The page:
Examples of Actual Uncompensated Risk (UCR) Removal Screening Assessments


The first portfolio (AXXXX) is a $4 million portfolio.  The portfolio removed only 2% of the uncompensated risk that could have been removed, whereas the benchmark only removed 7%. At this portfolio level our experience tells us that at least 70% of the UCR not removed can be removed by a coordinated effort between PFA, the fiduciary/trustee and the investment adviser/broker.  Portfolios smaller in size have smaller removal opportunities and the expected UCR removal drops to about 50%.  But, in some cases the smaller portfolios are so poorly diversified that the recovery can also be 70%. Seventy percent of the difference  amounts to about $33,000 in the year studied.



The second portfolio (RHXXX) totals $800,000 which is partially in a variable annuity with some choices.  We estimate that 60% of the remaining  UCR can be removed representing about $9,000 in the year studied.



The third portfolio (FRXXX) totaled $900,000 was a designed ETF equity portfolio after putting aside immediate funds needed for fulfilling a special needs trust.  We estimate 70% of the remaining UCR can be removed by rebalancing and utilizing specific equities as well as ETFs where applicable.  This would represent approximately $12,500 in the year studied.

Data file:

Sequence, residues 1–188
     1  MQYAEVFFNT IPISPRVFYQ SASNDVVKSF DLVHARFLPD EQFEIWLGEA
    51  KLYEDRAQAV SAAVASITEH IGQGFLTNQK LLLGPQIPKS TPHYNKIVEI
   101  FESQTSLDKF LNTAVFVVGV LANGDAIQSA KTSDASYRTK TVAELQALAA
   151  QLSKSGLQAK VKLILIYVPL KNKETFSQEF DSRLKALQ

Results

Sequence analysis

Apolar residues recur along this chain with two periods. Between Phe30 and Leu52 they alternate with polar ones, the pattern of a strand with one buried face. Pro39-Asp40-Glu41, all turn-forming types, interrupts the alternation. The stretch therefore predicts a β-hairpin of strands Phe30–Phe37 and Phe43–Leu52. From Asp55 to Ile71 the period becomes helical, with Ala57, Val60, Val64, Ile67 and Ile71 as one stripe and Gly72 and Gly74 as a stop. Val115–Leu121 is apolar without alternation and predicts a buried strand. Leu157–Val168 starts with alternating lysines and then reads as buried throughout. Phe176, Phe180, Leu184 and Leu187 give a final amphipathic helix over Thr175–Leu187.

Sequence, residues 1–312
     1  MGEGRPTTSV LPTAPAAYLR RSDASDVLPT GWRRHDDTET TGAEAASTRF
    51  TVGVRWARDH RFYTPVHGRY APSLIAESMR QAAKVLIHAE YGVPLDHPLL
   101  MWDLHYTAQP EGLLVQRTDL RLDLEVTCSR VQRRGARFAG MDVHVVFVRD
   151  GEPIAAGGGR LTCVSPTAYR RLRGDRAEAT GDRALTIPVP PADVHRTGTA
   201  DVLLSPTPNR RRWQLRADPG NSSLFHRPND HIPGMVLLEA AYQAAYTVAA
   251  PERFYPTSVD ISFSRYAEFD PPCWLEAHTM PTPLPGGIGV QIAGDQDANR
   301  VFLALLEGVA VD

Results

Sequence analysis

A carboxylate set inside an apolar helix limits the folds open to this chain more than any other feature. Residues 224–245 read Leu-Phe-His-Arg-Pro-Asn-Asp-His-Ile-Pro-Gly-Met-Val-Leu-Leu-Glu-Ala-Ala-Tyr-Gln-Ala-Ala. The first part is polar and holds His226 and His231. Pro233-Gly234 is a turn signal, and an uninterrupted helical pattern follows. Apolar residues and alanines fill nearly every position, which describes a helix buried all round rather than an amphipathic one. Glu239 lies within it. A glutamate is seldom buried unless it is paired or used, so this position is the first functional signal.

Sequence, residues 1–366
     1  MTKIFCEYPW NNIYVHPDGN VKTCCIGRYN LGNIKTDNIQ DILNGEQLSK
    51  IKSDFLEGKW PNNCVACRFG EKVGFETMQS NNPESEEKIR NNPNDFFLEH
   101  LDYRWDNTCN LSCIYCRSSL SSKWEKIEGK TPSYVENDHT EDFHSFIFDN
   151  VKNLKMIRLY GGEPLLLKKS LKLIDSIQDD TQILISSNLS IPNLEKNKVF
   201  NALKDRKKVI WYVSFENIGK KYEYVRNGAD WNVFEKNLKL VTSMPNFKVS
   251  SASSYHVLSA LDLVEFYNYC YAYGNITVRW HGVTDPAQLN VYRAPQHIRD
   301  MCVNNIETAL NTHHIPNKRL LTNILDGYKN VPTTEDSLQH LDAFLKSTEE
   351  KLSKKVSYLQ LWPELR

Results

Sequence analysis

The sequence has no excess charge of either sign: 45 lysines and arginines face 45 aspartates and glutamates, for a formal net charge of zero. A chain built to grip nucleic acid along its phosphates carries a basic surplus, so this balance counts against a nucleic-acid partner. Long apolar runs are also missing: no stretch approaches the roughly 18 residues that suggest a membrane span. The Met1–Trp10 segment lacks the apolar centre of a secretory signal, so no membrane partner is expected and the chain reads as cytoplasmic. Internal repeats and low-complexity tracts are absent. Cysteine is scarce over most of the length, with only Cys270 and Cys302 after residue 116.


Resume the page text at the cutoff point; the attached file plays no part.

The fourth portfolio (XRXXX) totals $7,100,000 and is a portfolio with over 500 securities which is touted as being diversified just on the basis of an overwhelming number of securities.  The max UCR portfolio consisted of only 38 constituents. The analysis was specifically designed to measure the results for the first quarter of 2018.  This was done to measure results during the volatility that occurred the first quarter of 2018.  We noted in the process that the 1.3% fees being charged by the wealth management company were excessive for this size of a portfolio.  Regardless of the difference in fees the max UCR portfolio gross return was .29% for the quarter whereas the actual portfolio was a gross loss of -.23% for the quarter.  This alone, aside of the fee difference, amounted to $36,000 for the 3 months studied; with lower fees the amount would have been over $50,000.


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